[0026]FIG. 4 is a flow chart showing a method for protecting a computer system from a buffer overflow attack in accordance with the present invention. A program stack is built upward from a lower address to a higher address. In a first step 80, a return address is loaded into the program stack. In a second step 82, other local variables, such as a function pointer, are loaded. The local variables are loaded after the return address is loaded. The local variables are also loaded at higher addresses than the return address. Other potential stack-frame targets be protected from a buffer overflow attack are also loaded after the return address and at higher addresses than the return address. In a final step 84, a data buffer is loaded at a higher address than the return address and the other local variables. In some specific embodiments, the order of the local variables, other than the data buffer, will vary and the order will depend on the specific application.

[0027] According to the present invention, the data buffer is loaded last and is placed at a higher address than the return address, the other local variables, and any other potential stack-frame targets, to protect these potential targets from being overwritten during a buffer overflow attack. This protects these potential targets, because they are at a lower address than the data buffer and thus cannot be overwritten during a buffer overflow attack. This renders a buffer overflow attack harmless.

[0028] According to the method and system disclosed herein, the present invention provides numerous benefits. For example, it renders a buffer overflow attack harmless, because a buffer overflow attack would not affect the return address and other potential stack-frame targets. Accordingly, such an attack cannot allow an attacker to gain control of the computer system implementing the present invention. If an attacker cannot gain control of the computer system, a buffer overflow attack is no longer a dangerous threat and is at most, a mere nuisance.

[0029] Although the present invention has been described in accordance with the embodiments shown, one of ordinary skill in the art will readily recognize that there can be variations to the embodiments and those variations would be within the spirit and scope of the present invention. Accordingly, many modifications may be made by one of ordinary skill in the art without departing from the spirit and scope of the appended claims.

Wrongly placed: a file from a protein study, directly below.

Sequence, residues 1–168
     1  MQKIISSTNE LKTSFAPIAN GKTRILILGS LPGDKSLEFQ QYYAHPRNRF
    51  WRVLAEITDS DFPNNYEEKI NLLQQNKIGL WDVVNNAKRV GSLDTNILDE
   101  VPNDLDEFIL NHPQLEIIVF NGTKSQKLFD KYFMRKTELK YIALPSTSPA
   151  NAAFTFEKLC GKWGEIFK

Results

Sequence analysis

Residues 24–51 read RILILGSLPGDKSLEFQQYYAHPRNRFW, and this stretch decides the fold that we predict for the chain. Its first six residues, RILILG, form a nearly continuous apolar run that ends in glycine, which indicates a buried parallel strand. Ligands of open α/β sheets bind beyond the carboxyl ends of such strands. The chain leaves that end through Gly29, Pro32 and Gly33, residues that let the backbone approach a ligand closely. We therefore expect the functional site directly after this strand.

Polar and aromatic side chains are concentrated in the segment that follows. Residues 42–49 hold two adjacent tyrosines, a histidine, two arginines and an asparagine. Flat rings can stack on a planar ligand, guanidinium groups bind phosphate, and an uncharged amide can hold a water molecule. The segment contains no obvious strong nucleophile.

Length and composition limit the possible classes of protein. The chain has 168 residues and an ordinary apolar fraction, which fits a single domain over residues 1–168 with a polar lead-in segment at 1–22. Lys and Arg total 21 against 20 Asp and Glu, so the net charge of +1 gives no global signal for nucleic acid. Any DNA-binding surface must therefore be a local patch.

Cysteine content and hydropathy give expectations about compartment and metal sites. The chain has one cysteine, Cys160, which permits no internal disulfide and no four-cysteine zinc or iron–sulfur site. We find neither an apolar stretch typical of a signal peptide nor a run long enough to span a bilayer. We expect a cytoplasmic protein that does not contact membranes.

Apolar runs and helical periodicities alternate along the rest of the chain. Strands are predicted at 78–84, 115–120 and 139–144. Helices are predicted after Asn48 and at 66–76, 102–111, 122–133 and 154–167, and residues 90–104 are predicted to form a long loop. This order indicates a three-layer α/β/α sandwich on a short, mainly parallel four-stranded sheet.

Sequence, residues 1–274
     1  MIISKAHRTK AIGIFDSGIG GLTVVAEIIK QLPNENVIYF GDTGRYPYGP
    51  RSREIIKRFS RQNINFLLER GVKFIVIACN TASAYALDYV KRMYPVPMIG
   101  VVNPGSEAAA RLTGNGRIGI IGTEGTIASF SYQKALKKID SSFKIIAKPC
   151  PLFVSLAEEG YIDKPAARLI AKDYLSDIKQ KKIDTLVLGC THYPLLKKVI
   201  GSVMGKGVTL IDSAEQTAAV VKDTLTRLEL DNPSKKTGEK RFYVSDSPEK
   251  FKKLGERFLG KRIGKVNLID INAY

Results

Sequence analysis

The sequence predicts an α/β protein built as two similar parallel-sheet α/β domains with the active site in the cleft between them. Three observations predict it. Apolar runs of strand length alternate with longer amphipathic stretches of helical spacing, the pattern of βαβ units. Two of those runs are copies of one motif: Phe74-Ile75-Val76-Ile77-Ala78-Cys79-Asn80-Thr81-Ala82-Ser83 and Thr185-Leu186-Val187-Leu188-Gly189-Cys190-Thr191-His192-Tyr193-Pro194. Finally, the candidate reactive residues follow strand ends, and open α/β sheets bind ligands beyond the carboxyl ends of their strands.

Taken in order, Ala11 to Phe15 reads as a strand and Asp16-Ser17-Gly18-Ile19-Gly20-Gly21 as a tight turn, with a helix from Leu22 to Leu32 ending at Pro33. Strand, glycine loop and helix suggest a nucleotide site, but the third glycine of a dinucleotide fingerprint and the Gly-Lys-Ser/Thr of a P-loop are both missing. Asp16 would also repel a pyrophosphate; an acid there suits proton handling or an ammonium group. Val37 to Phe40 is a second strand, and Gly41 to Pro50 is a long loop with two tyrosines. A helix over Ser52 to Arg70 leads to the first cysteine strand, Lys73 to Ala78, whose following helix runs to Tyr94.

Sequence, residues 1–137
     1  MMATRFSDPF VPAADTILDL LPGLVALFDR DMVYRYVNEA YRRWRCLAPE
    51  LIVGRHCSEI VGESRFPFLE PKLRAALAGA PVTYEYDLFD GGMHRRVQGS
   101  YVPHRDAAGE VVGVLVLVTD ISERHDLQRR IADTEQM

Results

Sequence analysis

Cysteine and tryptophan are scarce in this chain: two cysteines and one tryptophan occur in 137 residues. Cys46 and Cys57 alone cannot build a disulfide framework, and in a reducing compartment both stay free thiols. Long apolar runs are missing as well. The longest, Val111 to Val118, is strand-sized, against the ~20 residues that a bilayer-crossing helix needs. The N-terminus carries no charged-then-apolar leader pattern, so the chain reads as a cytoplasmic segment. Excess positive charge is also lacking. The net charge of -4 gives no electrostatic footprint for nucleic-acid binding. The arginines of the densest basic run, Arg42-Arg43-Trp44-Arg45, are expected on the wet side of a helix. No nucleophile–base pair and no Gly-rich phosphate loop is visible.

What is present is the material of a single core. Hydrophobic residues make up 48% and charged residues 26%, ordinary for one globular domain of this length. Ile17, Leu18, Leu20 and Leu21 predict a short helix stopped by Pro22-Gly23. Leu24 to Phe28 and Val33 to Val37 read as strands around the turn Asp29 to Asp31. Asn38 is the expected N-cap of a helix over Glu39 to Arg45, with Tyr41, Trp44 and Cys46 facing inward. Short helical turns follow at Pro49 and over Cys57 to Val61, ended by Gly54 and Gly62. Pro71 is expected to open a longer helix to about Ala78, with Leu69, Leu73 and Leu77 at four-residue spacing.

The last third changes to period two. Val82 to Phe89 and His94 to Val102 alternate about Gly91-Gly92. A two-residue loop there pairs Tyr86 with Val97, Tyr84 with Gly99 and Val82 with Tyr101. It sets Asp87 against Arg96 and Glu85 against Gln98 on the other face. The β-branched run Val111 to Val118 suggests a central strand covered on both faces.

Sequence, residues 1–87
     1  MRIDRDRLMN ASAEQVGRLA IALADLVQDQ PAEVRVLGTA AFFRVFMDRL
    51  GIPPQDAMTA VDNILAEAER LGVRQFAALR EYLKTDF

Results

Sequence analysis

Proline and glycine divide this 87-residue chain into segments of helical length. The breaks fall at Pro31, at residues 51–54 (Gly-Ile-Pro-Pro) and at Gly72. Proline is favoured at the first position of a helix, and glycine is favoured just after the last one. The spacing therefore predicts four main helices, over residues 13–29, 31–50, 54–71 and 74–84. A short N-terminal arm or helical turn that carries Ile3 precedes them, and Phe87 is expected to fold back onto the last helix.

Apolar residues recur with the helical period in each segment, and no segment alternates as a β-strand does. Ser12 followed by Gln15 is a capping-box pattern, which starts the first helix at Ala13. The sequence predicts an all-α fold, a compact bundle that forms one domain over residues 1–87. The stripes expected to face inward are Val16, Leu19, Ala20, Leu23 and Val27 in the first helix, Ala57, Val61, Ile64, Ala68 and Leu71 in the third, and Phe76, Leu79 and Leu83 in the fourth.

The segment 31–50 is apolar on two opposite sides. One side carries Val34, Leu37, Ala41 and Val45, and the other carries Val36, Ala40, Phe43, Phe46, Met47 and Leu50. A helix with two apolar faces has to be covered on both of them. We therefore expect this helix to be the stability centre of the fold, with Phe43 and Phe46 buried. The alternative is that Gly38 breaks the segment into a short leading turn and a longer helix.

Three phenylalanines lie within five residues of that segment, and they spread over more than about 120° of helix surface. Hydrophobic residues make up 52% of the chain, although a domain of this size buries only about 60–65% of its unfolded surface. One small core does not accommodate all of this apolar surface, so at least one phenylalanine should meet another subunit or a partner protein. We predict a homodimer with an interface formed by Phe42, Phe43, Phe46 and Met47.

Referenced by
Citing PatentFiling datePublication dateApplicantTitle
US7370159 *Mar 31, 2004May 6, 2008Stmicroelectronics SaMicroprocessor having an extended addressable space
US7467272 *Dec 16, 2004Dec 16, 2008International Business Machines CorporationWrite protection of subroutine return addresses
US7484239 *Nov 30, 2004Jan 27, 2009Symantec CorporationDetecting heap and stack execution in the operating system using regions
US7809911Nov 3, 2008Oct 5, 2010International Business Machines CorporationWrite protection of subroutine return addresses
US8010788 *Dec 21, 2009Aug 30, 2011At&T Intellectual Property Ii, LpProgram security through stack segregation
Classifications
U.S. Classification726/22, 711/163, 709/223, 712/220
International ClassificationG06F21/00
Cooperative ClassificationG06F21/52
European ClassificationG06F21/52
Legal Events
DateCodeEventDescription
Apr 29, 2002ASAssignment
Owner name: INTERNATIONAL BUSINESS MACHINES CORP., NEW YORK
Free format text: ASSIGNMENT OF ASSIGNORS INTEREST;ASSIGNOR:ABRAMS, ROGER KENNETH;REEL/FRAME:012862/0396
Effective date: 20020423